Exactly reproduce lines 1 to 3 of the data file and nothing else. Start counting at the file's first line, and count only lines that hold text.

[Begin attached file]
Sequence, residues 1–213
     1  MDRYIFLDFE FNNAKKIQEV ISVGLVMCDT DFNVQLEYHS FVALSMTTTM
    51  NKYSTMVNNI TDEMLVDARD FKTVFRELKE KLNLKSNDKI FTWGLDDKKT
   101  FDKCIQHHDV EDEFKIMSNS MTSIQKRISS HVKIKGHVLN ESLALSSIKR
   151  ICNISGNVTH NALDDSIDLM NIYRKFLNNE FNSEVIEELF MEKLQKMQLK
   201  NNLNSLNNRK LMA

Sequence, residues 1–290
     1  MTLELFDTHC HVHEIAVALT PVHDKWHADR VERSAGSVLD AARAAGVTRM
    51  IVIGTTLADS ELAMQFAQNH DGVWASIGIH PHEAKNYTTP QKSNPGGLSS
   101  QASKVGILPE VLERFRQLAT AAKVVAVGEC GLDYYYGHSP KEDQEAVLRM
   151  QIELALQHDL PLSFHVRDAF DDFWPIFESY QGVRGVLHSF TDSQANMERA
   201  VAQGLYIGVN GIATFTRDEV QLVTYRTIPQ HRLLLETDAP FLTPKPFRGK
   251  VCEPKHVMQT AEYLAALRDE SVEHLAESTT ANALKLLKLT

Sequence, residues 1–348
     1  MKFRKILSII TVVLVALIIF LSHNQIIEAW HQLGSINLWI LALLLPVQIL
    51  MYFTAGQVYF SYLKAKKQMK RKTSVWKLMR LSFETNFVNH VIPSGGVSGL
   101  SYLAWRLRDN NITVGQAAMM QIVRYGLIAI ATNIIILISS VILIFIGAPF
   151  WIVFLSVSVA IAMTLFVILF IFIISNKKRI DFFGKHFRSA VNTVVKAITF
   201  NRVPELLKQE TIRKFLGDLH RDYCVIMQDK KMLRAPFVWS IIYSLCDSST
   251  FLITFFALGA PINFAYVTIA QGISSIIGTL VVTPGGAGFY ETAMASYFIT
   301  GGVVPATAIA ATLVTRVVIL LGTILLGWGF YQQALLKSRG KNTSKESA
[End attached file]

Sequence, residues 1–213
     1  MDRYIFLDFE FNNAKKIQEV ISVGLVMCDT DFNVQLEYHS FVALSMTTTM
    51  NKYSTMVNNI TDEMLVDARD FKTVFRELKE KLNLKSNDKI FTWGLDDKKT